With the economy zooming along at 4% plus growth, the natural inclination is to wonder how much longer this can continue. Andrew believes for quite a while. First, the corporate/individual tax cuts are giving a definite boost to the economy. And it's not just stock buybacks. Companies are beginning to reinvest in their core operations, which is good for everyone. Andrew believes that one of the major drivers for next year will be the modified trade deals that the President is working on now. That will lead to more jobs and more tax revenue. There's enough momentum to take the economy ahead for the foreseeable future, nay sayers and haters aside.  

Direct download: Andrew_Zatlin_05.Sep.18.mp3
Category:general -- posted at: 4:52pm EST

Millennials ages 25-34 have $42,000 in debt, and most of it isn’t from student loans

Over 44 million Americans have student loans, with the average debt hovering around $33,000. And yet that's not the No. 1 source of debt for the average older millennial.

Millennials between the ages of 25 and 34 have an average of $42,000 in debt each, according to Northwestern Mutual's 2018 Planning & Progress Study. The biggest source? Credit card debt.

Credit card balances make up a full fourth of the average older millennials owe, while student debt accounted for about 16 percent, according to Northwestern Mutual. The findings are based on a survey of over 2,000 U.S. adults, including an oversampling of more than 600 millennials.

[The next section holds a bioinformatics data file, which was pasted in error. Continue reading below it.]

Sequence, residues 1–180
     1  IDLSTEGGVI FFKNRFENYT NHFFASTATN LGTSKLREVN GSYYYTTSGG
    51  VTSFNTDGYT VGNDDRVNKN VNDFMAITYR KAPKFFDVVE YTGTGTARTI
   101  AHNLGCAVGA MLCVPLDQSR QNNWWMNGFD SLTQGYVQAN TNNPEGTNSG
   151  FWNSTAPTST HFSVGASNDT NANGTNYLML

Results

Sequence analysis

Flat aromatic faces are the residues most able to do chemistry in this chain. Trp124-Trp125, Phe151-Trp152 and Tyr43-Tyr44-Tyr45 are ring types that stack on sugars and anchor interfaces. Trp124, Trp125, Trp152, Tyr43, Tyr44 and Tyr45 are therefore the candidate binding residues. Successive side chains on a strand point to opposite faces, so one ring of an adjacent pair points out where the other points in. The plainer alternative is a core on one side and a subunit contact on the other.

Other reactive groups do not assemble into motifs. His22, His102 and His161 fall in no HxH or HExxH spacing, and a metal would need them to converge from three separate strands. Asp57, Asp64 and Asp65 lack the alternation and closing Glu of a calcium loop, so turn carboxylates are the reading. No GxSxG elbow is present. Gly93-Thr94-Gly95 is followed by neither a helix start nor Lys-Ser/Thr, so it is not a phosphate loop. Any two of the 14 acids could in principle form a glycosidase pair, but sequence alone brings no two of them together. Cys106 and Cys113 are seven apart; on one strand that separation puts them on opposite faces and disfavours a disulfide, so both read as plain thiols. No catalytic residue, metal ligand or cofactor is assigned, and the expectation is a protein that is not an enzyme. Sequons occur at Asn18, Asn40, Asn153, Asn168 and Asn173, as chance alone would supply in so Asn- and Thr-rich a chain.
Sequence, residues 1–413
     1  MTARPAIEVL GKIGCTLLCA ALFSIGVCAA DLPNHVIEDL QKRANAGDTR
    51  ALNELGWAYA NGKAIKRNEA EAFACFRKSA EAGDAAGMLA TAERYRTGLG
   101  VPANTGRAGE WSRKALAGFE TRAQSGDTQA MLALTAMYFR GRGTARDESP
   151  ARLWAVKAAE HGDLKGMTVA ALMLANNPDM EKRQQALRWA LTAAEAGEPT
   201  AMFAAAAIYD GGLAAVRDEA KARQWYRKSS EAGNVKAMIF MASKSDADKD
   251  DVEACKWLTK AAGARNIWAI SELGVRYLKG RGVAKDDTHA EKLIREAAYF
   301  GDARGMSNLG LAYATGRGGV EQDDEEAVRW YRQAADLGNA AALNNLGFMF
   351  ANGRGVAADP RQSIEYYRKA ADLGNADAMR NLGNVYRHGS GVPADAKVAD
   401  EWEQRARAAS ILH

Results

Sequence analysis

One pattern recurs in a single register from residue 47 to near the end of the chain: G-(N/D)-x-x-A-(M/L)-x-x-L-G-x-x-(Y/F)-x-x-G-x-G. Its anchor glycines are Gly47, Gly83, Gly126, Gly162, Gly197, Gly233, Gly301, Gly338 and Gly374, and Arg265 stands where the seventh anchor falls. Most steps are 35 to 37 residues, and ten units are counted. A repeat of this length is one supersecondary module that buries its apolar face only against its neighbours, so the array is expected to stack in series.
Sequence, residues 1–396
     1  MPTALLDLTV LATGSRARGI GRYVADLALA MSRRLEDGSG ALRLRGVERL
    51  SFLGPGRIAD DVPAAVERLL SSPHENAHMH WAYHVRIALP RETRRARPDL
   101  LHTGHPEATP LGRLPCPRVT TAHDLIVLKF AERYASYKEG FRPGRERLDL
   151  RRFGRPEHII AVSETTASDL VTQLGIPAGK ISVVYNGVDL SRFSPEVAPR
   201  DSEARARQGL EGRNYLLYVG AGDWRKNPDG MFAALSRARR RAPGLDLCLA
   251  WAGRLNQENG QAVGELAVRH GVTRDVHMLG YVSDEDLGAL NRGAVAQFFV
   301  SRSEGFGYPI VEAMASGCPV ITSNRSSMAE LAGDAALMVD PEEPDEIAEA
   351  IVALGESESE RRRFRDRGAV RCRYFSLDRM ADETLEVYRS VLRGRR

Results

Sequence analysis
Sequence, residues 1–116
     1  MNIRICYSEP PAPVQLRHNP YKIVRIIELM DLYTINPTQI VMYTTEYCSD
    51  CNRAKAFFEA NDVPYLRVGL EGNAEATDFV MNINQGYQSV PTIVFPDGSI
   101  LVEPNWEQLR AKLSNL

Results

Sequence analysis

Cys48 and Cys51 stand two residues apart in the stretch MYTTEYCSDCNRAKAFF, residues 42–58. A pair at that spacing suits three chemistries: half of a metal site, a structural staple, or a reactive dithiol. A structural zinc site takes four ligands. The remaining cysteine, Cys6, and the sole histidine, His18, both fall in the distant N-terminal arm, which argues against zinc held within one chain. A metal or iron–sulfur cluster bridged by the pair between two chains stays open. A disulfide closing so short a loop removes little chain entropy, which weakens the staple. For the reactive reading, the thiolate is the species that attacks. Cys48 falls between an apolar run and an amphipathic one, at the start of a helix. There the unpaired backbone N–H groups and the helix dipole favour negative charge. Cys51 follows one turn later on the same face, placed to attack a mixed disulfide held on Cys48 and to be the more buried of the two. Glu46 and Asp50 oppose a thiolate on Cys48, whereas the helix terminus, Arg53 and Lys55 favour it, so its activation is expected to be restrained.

"As you grow older, your expenses increase. The additional pressures that come onto the pocketbook only grow and your disposable income shrinks in a lot of cases, even if your salary is growing," Emily Holbrook, director of planning for Northwestern Mutual, tells CNBC Make It.

The pressure to start relying on credit cards makes a lot of sense, she says. Millennials also cope with many other financial burdens that other generations haven't had, including those high student loans, as well as self-funded retirement savings and soaring home prices, to name a few.

Across the board in America, debt is on the rise — even though most people have a strong desire to pay it off. According to Northwestern Mutual's findings, the average American has about $38,000 in debt, up $1,000 from a year ago.

Direct download: John_Grace_05.Sep.18.mp3
Category:general -- posted at: 12:52pm EST

Major US stock markets continued their upward trajectory with DJIA up 2.2%, S&P 3.1, NASDAQ 5.7% and Russell 2000 up 4.2% to record levels. Emerging markets were down again 3.0%. TSX down 1% and TSX-V defied gravity going up 2.7%. Bitcoin the always volatile digital currency after going up 21.5% last month was down 5.7%. Gold was down another 2.0% and Silver was off another 6.5% for the month. Pt down 6.2% and Pd was up 5.1%. Copper was down another 3.4%. Energy was up for the month, with WTI up 1.7% and Brent up 4.3%. Natgas canceled last month's loss, up 5.0%. Uranium was up again showing a 2.6% gain after continued producer cutbacks. Currencies saw the Greenback rise .6% and the Euro down .8% for the month. Rate on the 10 year T Bond fell back to 2.86%. Till next month!

Direct download: Mickey_Fulp_04.Sep.18.mp3
Category:general -- posted at: 10:57am EST

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